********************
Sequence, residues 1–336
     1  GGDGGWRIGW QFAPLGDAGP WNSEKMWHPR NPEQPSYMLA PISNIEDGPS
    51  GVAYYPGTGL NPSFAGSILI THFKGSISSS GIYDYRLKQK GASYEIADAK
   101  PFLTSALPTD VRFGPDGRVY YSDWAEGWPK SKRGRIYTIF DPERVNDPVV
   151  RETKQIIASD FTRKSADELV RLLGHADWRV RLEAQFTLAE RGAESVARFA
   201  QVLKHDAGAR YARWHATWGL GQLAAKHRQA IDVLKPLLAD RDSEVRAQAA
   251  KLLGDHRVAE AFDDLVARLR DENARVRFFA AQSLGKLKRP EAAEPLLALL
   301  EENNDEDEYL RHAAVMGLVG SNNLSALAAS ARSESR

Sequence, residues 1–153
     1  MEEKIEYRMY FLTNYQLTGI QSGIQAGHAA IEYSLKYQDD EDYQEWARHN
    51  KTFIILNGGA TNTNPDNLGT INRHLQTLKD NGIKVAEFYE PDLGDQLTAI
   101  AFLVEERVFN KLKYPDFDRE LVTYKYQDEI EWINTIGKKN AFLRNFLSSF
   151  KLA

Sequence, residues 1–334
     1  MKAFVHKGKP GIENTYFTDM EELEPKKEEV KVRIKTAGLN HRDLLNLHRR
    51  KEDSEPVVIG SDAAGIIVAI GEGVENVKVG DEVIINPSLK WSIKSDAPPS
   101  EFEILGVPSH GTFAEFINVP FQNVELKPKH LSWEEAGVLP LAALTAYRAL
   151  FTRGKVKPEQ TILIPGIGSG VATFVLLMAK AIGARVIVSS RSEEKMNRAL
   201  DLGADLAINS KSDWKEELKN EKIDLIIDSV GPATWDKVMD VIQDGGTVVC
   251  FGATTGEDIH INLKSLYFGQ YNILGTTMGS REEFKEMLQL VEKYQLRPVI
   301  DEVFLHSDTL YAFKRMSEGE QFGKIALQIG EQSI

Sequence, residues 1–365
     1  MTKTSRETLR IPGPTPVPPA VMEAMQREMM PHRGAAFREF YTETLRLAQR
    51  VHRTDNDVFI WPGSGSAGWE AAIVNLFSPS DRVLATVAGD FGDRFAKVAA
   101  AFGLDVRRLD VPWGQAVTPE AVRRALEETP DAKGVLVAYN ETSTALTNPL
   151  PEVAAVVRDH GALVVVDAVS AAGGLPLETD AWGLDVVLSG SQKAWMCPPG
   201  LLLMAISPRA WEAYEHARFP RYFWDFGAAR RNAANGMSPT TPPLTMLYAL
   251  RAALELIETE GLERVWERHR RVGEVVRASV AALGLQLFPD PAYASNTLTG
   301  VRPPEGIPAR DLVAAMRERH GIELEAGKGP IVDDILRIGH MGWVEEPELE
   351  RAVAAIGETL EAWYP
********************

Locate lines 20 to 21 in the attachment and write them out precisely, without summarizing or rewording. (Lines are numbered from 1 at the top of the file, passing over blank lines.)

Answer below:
   251  FGATTGEDIH INLKSLYFGQ YNILGTTMGS REEFKEMLQL VEKYQLRPVI
   301  DEVFLHSDTL YAFKRMSEGE QFGKIALQIG EQSI